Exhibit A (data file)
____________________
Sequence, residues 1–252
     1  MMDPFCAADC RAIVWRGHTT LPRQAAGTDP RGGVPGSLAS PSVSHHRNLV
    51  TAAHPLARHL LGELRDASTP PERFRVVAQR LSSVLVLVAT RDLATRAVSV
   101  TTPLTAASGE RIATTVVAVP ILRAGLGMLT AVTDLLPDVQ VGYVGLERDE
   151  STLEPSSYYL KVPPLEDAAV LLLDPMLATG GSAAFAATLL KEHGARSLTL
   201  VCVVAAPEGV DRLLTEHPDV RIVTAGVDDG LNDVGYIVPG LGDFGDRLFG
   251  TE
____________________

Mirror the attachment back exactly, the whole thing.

Sequence, residues 1–252
     1  MMDPFCAADC RAIVWRGHTT LPRQAAGTDP RGGVPGSLAS PSVSHHRNLV
    51  TAAHPLARHL LGELRDASTP PERFRVVAQR LSSVLVLVAT RDLATRAVSV
   101  TTPLTAASGE RIATTVVAVP ILRAGLGMLT AVTDLLPDVQ VGYVGLERDE
   151  STLEPSSYYL KVPPLEDAAV LLLDPMLATG GSAAFAATLL KEHGARSLTL
   201  VCVVAAPEGV DRLLTEHPDV RIVTAGVDDG LNDVGYIVPG LGDFGDRLFG
   251  TE